Technical analysis

Making the most of a lower price for shares of Dollarama Inc.

Martin Noël
February 28, 2018
3 minutes read
Making the most of a lower price for shares of Dollarama Inc.

As the following graph shows, the share price of Dollarama Inc. (DOL) fell $22.60, from a high of $170.00 reached on January 29 to a low of $147.40 on February 9, 2018. DOL then rallied to $158.97, right up to the level of its moving averages. Since then, the stock has been below its moving averages, and if it continues to fall, there is a chance that it could reach $136.37 over the next few weeks. That level would represent a decline of $22.60 from its recent high of $158.97.

Daily Chart for DOL ($153.03 on Friday, February 23, 2018)

An investor interested in profiting from this scenario could buy put options expiring on July 20, 2018, selecting a strike that would produce the best return if the stock reaches a price of $136.37 on expiration.

We will choose from among the following puts:

  • DOL 180720 P 155 at $11.25
  • DOL 180720 P 160 at $14.05
  • DOL 180720 P 165 at $17.35


Comparative Table of Put Options

As the above table shows, of these three put options, DOL 180720 P 160 at $14.05 has the optimal combination of risk and return, offering a potential return of 68.19% if DOL reaches the target price of $136.37 on July 20, 2018.


We therefore execute the following transaction:

  • Purchase of 10 put option contracts DOL 180720 P 160 at $14.05
    • Debit of $14,050

Profit and loss profile

Target price on the put options DOL 180720 P 160 = $23.63 ($160.00 – $136.37)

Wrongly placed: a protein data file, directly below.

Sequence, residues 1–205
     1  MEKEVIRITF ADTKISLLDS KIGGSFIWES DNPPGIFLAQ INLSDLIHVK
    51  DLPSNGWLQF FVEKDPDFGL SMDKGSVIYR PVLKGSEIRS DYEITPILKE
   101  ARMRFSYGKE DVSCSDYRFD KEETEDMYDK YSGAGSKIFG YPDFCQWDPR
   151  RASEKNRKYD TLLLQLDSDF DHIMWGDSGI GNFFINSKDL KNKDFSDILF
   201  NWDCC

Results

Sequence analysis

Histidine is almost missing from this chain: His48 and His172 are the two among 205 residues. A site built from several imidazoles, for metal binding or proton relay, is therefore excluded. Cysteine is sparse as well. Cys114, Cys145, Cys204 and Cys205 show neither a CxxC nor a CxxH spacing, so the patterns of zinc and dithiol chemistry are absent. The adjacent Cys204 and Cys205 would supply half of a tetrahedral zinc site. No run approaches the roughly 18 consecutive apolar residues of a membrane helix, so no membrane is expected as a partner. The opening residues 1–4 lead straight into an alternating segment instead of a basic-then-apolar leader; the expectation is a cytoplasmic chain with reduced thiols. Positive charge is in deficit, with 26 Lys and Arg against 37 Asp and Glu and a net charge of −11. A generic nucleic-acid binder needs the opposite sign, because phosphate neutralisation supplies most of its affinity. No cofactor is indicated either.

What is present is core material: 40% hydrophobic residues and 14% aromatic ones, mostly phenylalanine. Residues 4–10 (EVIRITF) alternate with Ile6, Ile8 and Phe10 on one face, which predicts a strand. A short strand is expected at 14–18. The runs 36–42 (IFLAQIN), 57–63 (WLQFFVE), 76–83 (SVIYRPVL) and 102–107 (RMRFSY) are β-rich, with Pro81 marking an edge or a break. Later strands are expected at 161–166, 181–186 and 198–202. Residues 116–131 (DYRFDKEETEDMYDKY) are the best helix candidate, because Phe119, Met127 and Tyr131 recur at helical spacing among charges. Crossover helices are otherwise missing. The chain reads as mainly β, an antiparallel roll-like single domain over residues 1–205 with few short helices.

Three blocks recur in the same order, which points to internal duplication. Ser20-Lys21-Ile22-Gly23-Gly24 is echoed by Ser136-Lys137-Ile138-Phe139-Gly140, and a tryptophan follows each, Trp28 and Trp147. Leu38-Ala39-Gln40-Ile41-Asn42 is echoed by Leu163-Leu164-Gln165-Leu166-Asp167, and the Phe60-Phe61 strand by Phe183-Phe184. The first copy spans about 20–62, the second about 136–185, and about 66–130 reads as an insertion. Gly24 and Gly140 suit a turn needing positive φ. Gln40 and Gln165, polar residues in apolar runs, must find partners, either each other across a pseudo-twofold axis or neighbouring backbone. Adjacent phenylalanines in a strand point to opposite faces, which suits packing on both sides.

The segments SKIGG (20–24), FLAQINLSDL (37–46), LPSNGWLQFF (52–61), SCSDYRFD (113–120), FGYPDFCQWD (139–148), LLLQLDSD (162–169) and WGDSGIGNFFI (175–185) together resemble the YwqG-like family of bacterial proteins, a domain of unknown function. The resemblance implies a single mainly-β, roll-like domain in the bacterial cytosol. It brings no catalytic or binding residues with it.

Potential profit = $9.58 per share, for a total of $9,580

Potential loss = $14.05 per share, or $14,050


Even though the target price for DOL shares is $136.37, our potential profit is tied to the target price of $23.63 on the puts. Consequently, as soon as the price of the puts reaches $23.63,  we will liquidate the position, even if DOL has not yet reached the target price of $136.37. Furthermore, in order to avoid incurring the maximum loss of $14,050, it would be prudent to take a loss by liquidating the put options if DOL rises above its recent high of $158.97.

Good luck with your trading, and have a good week!



The strategies presented in this blog are for information and training purposes only, and should not be interpreted as recommendations to buy or sell any security. As always, you should ensure that you are comfortable with the proposed scenarios and ready to assume all the risks before implementing an option strategy.

Martin Noël
Martin Noël


Monetis Financial Corporation

Martin Noël earned an MBA in Financial Services from UQÀM in 2003. That same year, he was awarded the Fellow of the Institute of Canadian Bankers and a Silver Medal for his remarkable efforts in the Professional Banking Program. Martin began his career in the derivatives field in 1983 as an options market maker for options, on the floor at the Montréal Exchange and for various brokerage firms. He later worked as an options specialist and then went on to become an independent trader. In 1996, Mr. Noël joined the Montréal Exchange as the options market manager, a role that saw him contributing to the development of the Canadian options market. In 2001, he helped found the Montréal Exchange’s Derivatives Institute, where he acted as an educational advisor. Since 2005, Martin has been an instructor at UQÀM, teaching a graduate course on derivatives. Since May 2009, he has dedicated himself full-time to his position as the president of CORPORATION FINANCIÈRE MONÉTIS, a professional trading and financial communications firm. Martin regularly assists with issues related to options at the Montréal Exchange.

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